Triple play in reshaping Chinese painting

By Lin Qi ( China Daily ) Updated: 2014-08-26 07:16:00

Triple play in reshaping Chinese painting

Red Lotus (1961) by Pan Tianshou. Photo provided to China Daily

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A testament to that is Morning Dew, painted in 1958 and inspired by a trip to the Yandang Mountain in Zhejiang province. Pan invested much energy in constructing a unique composition: The lotus flowers and leaves as well as the annotation form a space in the middle.

"The blank doesn't mean emptiness in the Chinese painting. It has brought out the volume and the inner power of the work," Deng says.

Qi Baishi and his disciples further extended Wu's influence to Beijing and the bordering areas and based on which, Qi developed his own style.

His Pine Tree and Eagle fully demonstrates Qi's capability in presenting variations of ink color and handling thick and thin lines. Qi was famous for meticulously detailing insects and sculpting birds.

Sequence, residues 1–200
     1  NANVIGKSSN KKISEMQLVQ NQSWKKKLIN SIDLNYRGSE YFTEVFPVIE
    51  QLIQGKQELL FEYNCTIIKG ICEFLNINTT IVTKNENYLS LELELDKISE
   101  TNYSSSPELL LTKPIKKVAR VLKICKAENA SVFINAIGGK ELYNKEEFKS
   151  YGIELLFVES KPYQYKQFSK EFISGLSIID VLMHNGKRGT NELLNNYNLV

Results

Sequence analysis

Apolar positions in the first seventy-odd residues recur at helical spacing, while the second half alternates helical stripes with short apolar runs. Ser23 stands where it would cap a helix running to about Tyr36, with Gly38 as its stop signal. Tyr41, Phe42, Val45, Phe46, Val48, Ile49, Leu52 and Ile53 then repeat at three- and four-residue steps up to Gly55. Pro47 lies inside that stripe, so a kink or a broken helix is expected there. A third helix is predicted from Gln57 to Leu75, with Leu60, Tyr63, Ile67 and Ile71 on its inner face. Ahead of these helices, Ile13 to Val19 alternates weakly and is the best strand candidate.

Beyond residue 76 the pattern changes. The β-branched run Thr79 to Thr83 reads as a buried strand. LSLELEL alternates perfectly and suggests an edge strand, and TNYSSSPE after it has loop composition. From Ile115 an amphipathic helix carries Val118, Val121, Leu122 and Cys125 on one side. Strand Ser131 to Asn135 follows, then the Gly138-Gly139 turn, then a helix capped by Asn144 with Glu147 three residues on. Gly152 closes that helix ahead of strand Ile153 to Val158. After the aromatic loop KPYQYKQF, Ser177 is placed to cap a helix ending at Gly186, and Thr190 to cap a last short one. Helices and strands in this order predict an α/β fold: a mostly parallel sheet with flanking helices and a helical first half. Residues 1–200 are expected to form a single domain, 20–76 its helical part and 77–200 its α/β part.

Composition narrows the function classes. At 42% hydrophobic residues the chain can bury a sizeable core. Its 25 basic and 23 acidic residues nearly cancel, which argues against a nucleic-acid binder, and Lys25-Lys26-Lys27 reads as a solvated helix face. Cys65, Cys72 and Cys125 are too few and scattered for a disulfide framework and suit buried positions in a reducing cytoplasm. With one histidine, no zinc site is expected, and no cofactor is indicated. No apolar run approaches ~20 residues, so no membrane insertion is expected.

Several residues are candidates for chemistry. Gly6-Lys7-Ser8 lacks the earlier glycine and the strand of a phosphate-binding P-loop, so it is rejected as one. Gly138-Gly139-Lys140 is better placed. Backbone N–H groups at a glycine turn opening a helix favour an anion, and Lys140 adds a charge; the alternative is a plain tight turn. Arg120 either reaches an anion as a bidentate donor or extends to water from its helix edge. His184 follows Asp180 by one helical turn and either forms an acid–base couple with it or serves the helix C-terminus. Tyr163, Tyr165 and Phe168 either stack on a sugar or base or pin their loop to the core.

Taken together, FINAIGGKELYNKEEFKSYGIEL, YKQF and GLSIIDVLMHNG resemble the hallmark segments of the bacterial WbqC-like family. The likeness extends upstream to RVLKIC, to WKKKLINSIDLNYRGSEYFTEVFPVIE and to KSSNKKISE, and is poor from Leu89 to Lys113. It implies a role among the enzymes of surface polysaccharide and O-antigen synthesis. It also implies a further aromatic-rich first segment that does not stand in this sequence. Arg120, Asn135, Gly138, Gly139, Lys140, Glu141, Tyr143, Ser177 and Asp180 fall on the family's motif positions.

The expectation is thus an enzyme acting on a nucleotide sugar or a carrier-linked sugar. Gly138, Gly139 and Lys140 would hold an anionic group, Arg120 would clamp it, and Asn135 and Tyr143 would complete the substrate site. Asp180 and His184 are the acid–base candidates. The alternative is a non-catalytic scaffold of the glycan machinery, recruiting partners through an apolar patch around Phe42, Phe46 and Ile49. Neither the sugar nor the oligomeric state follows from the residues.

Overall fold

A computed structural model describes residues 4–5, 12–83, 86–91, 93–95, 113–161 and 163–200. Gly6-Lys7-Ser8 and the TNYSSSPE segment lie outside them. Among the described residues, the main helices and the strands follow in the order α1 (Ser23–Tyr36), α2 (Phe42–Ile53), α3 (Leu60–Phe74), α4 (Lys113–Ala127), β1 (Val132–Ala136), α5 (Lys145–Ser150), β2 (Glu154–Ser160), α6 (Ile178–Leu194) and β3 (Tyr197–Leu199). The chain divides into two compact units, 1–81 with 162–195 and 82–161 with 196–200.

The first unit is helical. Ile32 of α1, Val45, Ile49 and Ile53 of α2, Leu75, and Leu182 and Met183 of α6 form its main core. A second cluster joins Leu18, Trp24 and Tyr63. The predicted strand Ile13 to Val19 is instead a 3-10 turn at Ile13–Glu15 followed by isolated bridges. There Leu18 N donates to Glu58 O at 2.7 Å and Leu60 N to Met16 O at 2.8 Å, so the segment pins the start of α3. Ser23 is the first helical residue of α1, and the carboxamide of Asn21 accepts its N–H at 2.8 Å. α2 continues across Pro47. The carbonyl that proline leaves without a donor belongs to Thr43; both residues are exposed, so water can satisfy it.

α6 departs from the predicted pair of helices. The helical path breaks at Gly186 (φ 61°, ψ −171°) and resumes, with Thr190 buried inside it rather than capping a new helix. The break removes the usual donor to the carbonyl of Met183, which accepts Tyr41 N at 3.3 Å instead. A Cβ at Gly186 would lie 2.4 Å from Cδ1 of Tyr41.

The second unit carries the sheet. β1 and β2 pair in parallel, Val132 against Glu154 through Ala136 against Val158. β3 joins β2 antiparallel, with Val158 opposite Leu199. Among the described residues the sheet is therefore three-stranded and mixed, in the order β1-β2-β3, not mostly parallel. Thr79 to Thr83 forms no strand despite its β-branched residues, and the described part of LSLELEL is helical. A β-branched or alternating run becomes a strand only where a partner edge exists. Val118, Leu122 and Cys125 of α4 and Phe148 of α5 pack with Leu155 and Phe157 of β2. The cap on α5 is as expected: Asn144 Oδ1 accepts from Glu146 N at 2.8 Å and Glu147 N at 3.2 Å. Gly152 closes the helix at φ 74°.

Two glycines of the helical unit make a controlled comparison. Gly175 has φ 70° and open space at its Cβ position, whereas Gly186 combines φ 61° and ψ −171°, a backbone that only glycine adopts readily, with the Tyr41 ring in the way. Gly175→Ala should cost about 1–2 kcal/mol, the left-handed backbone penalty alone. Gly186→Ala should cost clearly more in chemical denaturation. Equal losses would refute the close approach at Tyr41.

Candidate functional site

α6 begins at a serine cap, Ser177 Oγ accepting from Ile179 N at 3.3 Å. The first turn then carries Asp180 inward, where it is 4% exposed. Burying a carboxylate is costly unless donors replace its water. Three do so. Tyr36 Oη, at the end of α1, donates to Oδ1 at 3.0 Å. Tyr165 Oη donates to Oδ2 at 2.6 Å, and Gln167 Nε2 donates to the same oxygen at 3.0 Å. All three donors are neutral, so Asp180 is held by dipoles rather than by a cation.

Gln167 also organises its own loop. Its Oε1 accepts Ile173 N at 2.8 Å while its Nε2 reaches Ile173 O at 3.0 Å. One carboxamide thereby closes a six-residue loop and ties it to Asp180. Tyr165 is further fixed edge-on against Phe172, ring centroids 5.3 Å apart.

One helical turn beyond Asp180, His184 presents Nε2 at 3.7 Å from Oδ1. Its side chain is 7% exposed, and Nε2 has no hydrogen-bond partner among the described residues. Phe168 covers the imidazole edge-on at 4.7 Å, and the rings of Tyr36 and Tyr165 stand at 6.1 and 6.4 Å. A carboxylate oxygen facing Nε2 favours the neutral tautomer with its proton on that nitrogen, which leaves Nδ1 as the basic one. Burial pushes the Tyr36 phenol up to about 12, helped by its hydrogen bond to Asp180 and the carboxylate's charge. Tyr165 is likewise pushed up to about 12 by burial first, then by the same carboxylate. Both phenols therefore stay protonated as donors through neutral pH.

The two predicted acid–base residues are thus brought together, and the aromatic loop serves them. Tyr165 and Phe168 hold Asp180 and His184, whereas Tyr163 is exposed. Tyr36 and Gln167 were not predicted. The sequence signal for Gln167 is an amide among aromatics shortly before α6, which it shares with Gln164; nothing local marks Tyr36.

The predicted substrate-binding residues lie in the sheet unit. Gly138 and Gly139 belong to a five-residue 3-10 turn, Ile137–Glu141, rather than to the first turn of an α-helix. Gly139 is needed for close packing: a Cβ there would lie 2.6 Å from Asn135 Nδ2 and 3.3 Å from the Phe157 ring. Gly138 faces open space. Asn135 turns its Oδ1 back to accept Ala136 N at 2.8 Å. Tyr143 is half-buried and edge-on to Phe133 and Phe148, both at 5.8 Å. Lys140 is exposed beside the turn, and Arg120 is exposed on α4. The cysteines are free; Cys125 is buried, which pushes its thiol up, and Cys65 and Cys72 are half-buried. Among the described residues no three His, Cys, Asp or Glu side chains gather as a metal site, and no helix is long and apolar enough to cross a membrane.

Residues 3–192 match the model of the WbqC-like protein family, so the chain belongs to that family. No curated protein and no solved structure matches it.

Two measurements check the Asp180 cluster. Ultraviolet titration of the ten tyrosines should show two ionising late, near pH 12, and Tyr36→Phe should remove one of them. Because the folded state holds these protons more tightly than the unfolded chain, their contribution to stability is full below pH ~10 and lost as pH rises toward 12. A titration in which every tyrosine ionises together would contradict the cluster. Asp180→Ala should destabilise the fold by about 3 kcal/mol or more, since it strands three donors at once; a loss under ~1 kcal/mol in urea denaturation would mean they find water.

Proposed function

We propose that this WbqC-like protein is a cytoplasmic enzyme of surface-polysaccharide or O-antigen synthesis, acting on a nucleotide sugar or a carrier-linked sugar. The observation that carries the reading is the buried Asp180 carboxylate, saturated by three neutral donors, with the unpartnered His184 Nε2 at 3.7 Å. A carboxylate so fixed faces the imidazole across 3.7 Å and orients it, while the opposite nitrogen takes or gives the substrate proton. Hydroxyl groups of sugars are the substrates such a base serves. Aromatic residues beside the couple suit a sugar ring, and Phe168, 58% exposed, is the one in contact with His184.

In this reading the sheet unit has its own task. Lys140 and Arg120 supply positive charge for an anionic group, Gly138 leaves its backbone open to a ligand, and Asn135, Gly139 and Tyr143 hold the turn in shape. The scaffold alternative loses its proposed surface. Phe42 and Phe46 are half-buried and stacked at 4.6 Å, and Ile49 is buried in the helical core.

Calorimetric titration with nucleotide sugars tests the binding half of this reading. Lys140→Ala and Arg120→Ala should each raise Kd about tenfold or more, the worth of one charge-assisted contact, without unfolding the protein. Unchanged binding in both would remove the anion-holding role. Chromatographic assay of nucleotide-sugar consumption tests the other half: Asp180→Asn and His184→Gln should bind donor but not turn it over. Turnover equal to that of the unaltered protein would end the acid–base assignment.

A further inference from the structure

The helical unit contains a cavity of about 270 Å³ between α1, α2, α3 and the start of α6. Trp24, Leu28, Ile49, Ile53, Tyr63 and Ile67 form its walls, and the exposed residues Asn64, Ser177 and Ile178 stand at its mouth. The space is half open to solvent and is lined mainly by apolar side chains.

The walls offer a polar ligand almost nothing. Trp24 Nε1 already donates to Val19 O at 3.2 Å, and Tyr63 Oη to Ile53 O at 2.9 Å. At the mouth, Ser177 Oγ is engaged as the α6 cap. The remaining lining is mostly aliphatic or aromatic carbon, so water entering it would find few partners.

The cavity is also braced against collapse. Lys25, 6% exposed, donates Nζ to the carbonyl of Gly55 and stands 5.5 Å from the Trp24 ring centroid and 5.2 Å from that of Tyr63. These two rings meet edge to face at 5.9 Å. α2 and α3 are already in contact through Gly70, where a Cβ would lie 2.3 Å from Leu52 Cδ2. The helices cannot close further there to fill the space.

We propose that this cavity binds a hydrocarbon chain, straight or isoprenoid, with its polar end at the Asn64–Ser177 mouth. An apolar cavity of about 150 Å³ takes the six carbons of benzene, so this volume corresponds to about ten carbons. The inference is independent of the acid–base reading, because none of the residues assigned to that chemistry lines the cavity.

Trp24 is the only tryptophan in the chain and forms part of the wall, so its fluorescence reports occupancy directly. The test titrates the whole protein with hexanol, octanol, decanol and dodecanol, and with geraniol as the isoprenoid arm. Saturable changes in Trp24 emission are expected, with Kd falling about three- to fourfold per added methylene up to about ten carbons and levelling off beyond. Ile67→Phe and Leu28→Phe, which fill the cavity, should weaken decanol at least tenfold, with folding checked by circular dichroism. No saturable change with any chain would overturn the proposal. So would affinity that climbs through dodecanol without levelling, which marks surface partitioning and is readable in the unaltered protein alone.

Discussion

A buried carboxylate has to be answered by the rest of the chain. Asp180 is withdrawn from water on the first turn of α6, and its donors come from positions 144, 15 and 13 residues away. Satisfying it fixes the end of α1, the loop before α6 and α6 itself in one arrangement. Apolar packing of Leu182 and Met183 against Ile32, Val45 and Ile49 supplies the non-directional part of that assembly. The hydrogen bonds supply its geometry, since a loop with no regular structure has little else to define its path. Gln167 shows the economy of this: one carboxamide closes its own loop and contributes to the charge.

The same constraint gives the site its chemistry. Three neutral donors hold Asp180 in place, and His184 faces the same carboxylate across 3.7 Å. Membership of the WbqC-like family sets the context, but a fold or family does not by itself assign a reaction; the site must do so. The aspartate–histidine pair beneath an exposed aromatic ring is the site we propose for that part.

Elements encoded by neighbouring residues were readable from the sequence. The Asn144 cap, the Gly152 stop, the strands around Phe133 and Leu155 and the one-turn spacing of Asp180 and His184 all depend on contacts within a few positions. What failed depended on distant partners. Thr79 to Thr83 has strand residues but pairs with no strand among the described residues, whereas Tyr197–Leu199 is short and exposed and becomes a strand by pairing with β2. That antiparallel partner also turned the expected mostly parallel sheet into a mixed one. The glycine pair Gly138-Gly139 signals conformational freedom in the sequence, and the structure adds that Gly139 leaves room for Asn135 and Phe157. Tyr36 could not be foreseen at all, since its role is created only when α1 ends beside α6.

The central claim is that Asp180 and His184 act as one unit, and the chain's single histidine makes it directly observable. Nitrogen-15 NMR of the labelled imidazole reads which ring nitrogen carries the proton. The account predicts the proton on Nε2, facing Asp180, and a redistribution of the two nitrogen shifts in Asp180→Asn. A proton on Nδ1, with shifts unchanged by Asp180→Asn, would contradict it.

"Qi infused to perfection the literati's sentiment with senses of rustic life. He laced his works with humor and childlike innocence," Deng says.

Wu started to learn painting systematically in his 30s. For years he explored extensively with seal cutting, calligraphy and epigraph art which further nourished his mastery of ink-and-wash painting.

"Wu is unrivaled in carving out a niche in painting, calligraphy and seal art. If we should name the best 10 calligraphers, seal artists and painters, Wu appears on all the three lists. Few can approach his accomplishments in art history," Chen Zhenlian, deputy president of the prestigious Xiling Society of Seal Art, told Southern Metropolis Daily. An ongoing exhibition at the Zhejiang Art Museum commemorates Wu and the society's 110th birthday. Wu was elected the Hangzhou-based society's first president in 1913.

"He possessed strong social awareness. He believed artists should not just paint for themselves. Art should serve the public."

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